The Importance of Drug Testing In The Oilfield

Testing current or potential employees for the presence of illegal substances or alcohol is common among the oil and gas industry, for a number of different reasons regarding a variety of situations or circumstances.

Why though, when many other industries don’t do so, is drug testing in the oilfield so common?

Why Drug Testing Is Important

Drug tests aren’t just important – they are necessary.

The oilfield comes with its fair share of dangerous work environments. Oilfield workers are often dealing with heavy-duty machinery, high-pressure pipelines, toxic liquids and gasses, etc.

These can make for dangerous situations even with a fully capable and alert individual running things – imagine the added dangers these tasks and situations may present if the individual in question was under the influence of drugs or alcohol?

In fact, the safety concerns associated with many of these oilfield related jobs (especially in booming areas like Texas) are the only reason drug testing is legally acceptable for oilfield workers to begin with.

When (and How) Drug Tests Are Conducted


There are two main instances in which drug tests may be administered to oilfield workers.

  • The drug test may be administered upon the proposal of a job contract, with clean test results being a condition of said contract.
  • Anytime an incident involving damaged equipment, or an injury-causing or fatal accident occurs in the workplace, with company equipment, or whilst on the company’s clock.

Some employers may be approved to do random testing in addition to these particular situations, meaning they could test any employee at anytime – but this is less common as it is not easy for companies to prove such testing necessary, as they most often do not have reasonable grounds to assume someone impaired.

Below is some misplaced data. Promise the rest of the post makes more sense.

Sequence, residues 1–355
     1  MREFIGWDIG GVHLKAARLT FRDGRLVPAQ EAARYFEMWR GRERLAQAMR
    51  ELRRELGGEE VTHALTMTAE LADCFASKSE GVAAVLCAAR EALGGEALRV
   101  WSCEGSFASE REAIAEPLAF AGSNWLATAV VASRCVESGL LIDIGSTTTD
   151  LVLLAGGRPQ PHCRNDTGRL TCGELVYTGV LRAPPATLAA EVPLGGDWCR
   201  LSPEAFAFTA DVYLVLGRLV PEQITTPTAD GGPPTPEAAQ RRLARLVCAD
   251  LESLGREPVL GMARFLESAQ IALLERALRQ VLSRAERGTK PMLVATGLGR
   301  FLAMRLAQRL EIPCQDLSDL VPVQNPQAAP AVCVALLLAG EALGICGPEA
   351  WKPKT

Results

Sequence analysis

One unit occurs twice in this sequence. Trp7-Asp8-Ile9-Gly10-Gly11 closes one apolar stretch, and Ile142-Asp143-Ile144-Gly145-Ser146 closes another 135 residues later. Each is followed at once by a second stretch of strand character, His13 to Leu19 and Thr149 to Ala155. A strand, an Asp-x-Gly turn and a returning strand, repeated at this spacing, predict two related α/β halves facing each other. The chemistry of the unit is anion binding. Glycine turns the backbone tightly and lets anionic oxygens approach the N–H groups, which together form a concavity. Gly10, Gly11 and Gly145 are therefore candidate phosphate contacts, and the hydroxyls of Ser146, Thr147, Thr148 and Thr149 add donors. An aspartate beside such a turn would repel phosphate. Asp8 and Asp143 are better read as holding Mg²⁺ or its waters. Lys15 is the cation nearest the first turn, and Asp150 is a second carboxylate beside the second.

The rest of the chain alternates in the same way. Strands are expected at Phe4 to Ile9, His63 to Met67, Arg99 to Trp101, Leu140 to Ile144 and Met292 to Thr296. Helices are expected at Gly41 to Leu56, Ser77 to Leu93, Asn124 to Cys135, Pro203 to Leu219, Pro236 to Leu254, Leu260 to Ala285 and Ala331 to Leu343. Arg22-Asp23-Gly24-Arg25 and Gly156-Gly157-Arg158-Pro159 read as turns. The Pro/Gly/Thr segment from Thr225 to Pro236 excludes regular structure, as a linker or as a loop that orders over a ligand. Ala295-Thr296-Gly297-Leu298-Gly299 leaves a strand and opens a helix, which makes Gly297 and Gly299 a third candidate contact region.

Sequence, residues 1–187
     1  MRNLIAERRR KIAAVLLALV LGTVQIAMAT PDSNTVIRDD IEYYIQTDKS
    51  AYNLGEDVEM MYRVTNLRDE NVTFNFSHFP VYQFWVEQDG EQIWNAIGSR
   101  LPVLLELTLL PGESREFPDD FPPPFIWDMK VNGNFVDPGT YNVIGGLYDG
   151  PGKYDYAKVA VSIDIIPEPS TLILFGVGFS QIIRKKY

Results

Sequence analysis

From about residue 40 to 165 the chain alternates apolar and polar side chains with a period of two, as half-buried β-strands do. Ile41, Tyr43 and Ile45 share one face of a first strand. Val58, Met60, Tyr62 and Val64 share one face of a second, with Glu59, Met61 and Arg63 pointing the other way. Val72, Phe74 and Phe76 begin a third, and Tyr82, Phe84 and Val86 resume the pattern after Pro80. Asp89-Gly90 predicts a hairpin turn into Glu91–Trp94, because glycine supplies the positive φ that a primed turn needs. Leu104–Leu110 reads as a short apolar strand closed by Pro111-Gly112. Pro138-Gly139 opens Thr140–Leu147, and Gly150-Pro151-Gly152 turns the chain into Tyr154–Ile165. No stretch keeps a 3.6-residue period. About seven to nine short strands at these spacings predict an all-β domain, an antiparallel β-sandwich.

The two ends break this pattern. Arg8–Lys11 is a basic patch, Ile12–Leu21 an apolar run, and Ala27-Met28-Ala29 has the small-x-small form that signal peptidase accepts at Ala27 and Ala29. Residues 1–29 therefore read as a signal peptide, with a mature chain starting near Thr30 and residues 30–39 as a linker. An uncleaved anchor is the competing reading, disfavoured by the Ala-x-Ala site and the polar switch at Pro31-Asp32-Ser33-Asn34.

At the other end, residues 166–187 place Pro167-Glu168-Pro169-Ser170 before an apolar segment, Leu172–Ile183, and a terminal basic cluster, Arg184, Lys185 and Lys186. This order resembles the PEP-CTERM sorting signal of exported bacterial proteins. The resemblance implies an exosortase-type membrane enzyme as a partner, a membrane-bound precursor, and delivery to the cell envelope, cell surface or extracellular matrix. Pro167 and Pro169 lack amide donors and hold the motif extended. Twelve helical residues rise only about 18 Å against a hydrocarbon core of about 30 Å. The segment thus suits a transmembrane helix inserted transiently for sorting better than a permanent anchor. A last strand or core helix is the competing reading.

There are a variety of different methods that can be used to test whether or not an individual is under the influence. Typically, the type of test used depends on the particular substance being tested for.

  • Breath Tests – these types of tests are the quickest and easiest way to test a person’s blood-alcohol level (Ie: how much alcohol they have in their system at that exact moment).
  • Urine Samples – these tests show the presence (or absence) of drug metabolites in the individual’s urine. Metabolites are certain drug residues that remain in a person’s body even after the effects of the drug have worn off – the length of time these remain in the body depends on the type of drug.
  • Blood Samples – this type of test will measure the actual amount of alcohol or drug in a person’s system at that given time. Blood tests are better indicators of consumption levels than urine tests are, but have a short detection period, as the drugs or alcohol are cleared rather quickly from the bloodstream and into the urine.

What Do You Think?

Most oilfield companies claim to have the best interests of their employees, consumers, and the environment in mind. These companies have to stay true to their mission and values, and drug testing can help them do so by ensuring that safety is one of their main priorities.

Do you support drug testing in the oilfield? We’d love to hear your opinions on why – or why not!

September 6, 2018 3:59 pm

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